With the fourth of July landing on a Thursday this year many of you will have a long weekend so I figured I would give you a to do list for your lawn. We’re probably a week or two away from getting any monsoon activity so now is a great time to clean up the yard and get it ready to grow when the humidity starts to kick in.

Living in the desert it is often tough to get ideal growing conditions for a warm season grass. The high temperature help bermudagrass and paspalum grow but what they really desire is humidity. The humidity is a kick starter for your grass and if your grass has space to grow you can expect to see some quick changes to your lawn. Before I go into detail about what you will gain from the humidity I should address anyone that still has lingering ryegrass from the spring. Ryegrass has a tendency to stick around in shaded areas at this time of the year but you can bet the first blast of humidity will wipe it out. If you’re looking to hold on to this grass because you can’t grow bermudagrass in that spot then you will want to apply a fungicide now and every 14-21 days throughout the monsoon season. This is not a guarantee of success but the best way to try and save it through the summer.


Do you want the greenest grass around? Paspalum readily available in AZ.

In order to get your lawn ready for the monsoon season you want to open up the canopy and give it places to grow. The best way to do this is verticut or lightly dethatch your lawn. You can find these machines at most of the local rental stores and their very easy to operate. I would suggest running the machine two directions and then mowing up all the dead material. You’re not looking to dig into the soil, just open up the leaf tissue and remove some of the puffiness in your lawn. If you’re lawn feels like a sponge or has a speckled look where ryegrass has died between warm season leaf blades you definitely want to do this now. Typically this is done once in the summer and once before you overseed in the fall. Thinning out the leaf canopy allows sunlight into the plant and gives stolons (runners) a place to tack down. If all of the space is taken up by overgrowth or dead material those stolons will sit on top of the grass and will eventually just get mowed up. Take advantage of this new growth and give these plants a place to go.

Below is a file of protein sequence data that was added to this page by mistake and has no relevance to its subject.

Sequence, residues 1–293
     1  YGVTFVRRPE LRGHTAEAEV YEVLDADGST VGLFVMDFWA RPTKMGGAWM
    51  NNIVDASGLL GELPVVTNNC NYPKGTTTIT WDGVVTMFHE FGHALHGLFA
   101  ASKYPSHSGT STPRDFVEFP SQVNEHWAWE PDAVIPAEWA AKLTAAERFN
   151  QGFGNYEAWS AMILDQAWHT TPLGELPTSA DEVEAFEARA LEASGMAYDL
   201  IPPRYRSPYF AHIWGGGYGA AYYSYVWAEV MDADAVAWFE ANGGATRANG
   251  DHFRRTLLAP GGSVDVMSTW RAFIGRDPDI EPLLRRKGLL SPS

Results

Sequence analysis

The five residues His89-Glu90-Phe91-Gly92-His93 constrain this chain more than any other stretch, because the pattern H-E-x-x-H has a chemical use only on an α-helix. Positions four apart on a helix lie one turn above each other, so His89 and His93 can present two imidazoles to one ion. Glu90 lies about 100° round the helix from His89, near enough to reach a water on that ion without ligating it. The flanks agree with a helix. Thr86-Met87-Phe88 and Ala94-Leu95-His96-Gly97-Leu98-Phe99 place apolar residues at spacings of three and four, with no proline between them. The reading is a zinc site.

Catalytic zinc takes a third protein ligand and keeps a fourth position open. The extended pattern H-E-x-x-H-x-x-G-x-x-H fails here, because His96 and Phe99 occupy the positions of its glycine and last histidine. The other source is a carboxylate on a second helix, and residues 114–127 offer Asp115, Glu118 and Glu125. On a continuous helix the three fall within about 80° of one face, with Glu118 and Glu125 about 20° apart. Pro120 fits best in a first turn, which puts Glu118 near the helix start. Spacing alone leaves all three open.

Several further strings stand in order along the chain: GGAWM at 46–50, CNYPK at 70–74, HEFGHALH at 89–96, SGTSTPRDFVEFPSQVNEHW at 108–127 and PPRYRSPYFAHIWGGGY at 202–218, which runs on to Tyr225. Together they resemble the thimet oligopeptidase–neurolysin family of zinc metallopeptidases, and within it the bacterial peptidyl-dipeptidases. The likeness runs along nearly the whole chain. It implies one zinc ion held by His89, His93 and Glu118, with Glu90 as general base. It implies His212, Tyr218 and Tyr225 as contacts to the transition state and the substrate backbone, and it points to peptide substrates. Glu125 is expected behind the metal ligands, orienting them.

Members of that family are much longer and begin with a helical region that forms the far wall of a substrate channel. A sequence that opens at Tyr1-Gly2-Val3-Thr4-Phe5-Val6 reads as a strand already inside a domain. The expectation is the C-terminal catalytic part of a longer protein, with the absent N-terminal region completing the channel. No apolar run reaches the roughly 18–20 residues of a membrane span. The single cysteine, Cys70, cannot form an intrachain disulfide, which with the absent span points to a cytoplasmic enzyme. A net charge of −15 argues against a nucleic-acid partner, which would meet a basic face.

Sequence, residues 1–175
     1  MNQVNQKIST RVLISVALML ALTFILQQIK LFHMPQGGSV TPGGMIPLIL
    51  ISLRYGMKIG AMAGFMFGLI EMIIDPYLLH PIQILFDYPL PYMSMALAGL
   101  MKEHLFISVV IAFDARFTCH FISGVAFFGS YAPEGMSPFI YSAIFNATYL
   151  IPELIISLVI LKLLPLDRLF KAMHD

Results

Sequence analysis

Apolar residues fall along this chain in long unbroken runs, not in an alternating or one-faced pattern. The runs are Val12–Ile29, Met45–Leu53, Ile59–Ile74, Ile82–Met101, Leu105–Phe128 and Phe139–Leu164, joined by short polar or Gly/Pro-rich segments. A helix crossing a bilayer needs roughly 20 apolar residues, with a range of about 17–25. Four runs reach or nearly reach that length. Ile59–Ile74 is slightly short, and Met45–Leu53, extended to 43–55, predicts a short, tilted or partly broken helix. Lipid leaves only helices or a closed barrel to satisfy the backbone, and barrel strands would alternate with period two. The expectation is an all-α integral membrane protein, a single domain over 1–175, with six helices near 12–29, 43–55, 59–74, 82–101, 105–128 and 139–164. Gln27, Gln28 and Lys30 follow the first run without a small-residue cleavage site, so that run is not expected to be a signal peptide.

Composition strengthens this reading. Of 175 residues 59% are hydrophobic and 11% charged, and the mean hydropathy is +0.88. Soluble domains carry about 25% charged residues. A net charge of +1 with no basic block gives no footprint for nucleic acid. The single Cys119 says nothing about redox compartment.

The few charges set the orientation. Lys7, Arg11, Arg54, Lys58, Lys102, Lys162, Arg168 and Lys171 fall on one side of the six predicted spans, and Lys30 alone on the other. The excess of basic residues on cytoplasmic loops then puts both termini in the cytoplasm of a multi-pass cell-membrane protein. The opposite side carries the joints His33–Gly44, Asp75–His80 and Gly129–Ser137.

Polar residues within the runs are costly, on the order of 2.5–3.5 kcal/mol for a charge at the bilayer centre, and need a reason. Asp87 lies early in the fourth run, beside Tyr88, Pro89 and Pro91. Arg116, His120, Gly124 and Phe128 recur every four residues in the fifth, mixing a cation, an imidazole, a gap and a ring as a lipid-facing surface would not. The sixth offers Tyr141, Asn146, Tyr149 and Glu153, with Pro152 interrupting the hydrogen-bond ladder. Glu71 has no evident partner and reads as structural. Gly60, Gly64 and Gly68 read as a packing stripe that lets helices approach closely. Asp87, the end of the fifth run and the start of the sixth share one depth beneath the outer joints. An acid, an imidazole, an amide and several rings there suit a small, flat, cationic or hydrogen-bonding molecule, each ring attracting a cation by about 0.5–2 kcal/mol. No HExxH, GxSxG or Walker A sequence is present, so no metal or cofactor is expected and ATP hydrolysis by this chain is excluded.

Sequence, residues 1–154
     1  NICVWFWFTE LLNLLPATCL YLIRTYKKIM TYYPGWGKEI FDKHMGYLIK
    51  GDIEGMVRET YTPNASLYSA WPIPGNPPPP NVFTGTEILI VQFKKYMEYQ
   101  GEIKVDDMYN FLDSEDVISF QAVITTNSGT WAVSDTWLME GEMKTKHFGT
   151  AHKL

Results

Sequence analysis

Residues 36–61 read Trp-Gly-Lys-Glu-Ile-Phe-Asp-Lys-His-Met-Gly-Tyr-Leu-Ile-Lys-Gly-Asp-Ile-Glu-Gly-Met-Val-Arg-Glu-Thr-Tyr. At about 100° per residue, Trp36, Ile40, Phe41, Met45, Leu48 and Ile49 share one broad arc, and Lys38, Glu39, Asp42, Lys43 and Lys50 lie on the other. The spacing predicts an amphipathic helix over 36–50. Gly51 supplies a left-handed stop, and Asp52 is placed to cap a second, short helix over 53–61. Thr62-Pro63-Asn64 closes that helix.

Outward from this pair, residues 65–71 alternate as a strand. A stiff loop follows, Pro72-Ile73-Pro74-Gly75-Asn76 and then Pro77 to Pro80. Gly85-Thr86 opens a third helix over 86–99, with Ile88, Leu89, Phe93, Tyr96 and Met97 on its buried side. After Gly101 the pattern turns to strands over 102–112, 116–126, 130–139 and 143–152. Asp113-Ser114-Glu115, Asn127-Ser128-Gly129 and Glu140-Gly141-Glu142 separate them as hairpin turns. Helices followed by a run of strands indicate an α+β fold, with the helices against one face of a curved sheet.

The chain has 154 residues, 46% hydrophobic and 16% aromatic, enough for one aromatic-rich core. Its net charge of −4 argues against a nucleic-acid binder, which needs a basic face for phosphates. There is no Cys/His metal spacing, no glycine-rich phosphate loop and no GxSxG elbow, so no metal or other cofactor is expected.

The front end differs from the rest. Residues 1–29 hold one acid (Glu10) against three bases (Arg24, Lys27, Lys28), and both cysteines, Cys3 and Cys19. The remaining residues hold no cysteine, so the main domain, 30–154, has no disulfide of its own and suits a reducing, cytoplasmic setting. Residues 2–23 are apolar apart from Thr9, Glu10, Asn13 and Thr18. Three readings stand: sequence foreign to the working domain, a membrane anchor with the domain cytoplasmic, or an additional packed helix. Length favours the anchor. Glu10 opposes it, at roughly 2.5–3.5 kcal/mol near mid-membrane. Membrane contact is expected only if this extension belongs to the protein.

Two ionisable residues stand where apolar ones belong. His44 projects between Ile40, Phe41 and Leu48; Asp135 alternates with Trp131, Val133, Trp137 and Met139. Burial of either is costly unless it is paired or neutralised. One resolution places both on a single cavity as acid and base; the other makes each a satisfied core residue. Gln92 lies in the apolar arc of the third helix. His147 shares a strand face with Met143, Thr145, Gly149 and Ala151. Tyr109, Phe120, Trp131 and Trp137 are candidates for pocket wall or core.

These runners need a place to tack down. Lightly verticut to give them space.

Warm season grasses love humidity and with the onset of it just a week or two away it is a great time to put out some extra fertilizer and give your lawn a push. I recommend a application of ammonium sulfate 21-0-0 at 5 pounds per 1000 SF for bermudagrass or liquid Soil Burst 16-0-4. If you have paspalum stick with the liquid fertilizer or apply a product high in calcium and potassium. Since humidity puts added moisture in the air it does the same for your lawn so keep an eye on your sprinklers. You don’t need to water more than four days a week during the summer months so if we see a period of humid weather you can back it down to two days. During this hot, dry spell we’re currently having it is tough to go more than two days without watering if you expect to maintain good color. Your grass will not die if you go longer, it will just put itself into an extended period of dormancy and will need extra water to bring it back. I only mention this for those that choose not to water more than once a week or two in the summer just to keep the grass alive. Many people do this to conserve water but it is not going to keep your lawn aesthetically pleasing.

So if you have a little extra time this weekend in between barbeques; spend a few minutes prepping your lawn for the optimal growing season. I know it is hard to believe that anything can like it hot and humid but your warm season turf really loves it.